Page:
Studying abroad is a major life experience. You’re living in a new country, in a new culture with people you’ve never met before thousands of miles away. Living in a new country requires a big transition that can feel quite intimidating. Fortunately, there are lots of study abroad prepping you can do to secure a smooth transition and an incredible experience abroad. Here are some of the major preparation categories.
A major part of preparing for abroad is thinking about expenses: How much money will I need? How often can I spend money? Do I have the funds to travel during my time abroad? These questions can be easily answered with a budget. I created a budget with Microsoft Excel and it has really helped me manage my money abroad. I know how many big trips I can take while I’m here, how much money I can spend a month, and much more. You can tailor your budget to your wants and needs by looking at a daily, weekly, or monthly budget. Whichever option you may choose, budgeting is key to making the most out of your abroad experience without having to stress about money.
Yes, your mom is going to want to hear from you as often as she can, and you’re probably going to want to tell her about all of the amazing things you’re doing too! But how will you communicate with her while you’re abroad? Researching how you will be able to communicate with people back home and people within your selected country is really important. Will your phone work in your country? Should you get a burner phone abroad or an international plan from back home? How good is the wifi in your country? These are the things you should be researching in preparing for abroad. Trust me, you’re going to need Google Maps on your phone everywhere you go.
You will definitely want to find out what the weather will be like while you’re abroad. This is key when deciding whether you need to pack 10 sweaters or 10 tank tops or if you’ll ever get the opportunity to wear your sandals. This is especially important for people studying abroad in the Southern Hemisphere because it will be winter when you arrive. Depending on which country you study in, the weather may be regionally specific. For me, Australia is such a large and meteorologically diverse country that I had to specifically search “average weather conditions in Tasmania, Australia”. While the Northern Territory may be hot all year, Tassie has defined seasons. I’m glad I packed my sweaters because it truly is “bloody cold”.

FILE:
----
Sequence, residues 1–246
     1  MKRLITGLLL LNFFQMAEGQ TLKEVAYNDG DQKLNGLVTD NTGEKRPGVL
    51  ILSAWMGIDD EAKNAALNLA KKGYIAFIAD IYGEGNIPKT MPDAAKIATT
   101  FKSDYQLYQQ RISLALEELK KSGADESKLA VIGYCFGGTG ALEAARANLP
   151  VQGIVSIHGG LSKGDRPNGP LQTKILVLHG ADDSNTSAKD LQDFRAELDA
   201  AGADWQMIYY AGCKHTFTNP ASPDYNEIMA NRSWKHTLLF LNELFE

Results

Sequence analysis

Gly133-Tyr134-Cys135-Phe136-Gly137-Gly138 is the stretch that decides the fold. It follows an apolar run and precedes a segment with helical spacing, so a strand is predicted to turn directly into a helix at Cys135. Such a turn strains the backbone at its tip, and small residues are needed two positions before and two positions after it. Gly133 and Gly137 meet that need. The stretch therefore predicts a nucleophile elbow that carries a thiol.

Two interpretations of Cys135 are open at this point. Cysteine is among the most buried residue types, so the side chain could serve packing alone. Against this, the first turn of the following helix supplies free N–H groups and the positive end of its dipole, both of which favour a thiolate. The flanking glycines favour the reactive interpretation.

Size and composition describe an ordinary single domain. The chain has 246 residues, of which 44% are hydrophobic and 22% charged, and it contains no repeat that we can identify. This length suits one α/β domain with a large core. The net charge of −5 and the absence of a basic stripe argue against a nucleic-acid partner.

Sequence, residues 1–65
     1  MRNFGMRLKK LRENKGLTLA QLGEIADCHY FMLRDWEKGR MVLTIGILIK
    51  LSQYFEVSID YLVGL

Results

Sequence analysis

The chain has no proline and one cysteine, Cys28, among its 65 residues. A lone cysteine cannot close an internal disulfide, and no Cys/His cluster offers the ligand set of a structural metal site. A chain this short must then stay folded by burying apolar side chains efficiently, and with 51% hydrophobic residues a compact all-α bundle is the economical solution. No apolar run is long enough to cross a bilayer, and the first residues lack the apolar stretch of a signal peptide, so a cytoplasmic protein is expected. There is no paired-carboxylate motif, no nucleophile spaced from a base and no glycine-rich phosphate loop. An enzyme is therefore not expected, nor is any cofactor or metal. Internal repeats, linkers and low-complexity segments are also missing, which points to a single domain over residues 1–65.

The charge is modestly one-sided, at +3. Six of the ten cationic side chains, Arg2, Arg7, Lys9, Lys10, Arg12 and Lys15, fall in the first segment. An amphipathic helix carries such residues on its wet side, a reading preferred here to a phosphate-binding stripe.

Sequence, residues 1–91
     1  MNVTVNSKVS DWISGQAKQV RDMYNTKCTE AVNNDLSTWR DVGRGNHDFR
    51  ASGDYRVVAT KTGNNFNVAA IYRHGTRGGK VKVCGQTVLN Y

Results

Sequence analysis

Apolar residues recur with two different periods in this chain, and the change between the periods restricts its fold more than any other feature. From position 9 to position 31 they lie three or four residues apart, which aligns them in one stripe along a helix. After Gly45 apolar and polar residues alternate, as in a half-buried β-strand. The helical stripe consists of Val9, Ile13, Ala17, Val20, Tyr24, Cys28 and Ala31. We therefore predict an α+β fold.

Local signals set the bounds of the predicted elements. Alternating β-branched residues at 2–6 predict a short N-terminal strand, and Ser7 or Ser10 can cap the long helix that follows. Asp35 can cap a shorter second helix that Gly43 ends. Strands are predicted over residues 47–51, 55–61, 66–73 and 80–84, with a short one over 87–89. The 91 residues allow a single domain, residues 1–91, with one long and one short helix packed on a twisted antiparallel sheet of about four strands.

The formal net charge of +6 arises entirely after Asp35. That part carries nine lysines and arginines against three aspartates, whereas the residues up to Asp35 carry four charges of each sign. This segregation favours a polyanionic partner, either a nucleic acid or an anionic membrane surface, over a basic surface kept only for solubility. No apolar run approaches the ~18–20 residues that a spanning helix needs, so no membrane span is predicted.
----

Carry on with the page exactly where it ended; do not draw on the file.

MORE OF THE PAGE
Mental preparation is so important! You need to realize that you’re going to spend 4-6 months (or more if you’re going for a year) in a completely new place. Try to come to this realization a few weeks before your departure, rather than the day before (whoops). Mentally preparing yourself for the ups and downs of being in a completely different environment with new people will ensure the smoothest transition into your new life as possible. For some, realizing that they won’t be able to see their friends and family for a few months may mean taking lots of time out of their schedule to spend time with them before their departure. Do whatever you have to do personally to combat potential issues abroad. Personally, I worked up until the day before I left, which left me with very little time to realize that the flight I was taking the next day wasn’t to DU. Thus, I felt that if I had handled this aspect better, my transition could’ve gone a bit smoother.
Now, don’t let all of this overwhelm you. Studying abroad has been amazing and is an experience that I think everyone should have. It is just a big change in life that will produce a beautiful outcome, so long as you prepare for it!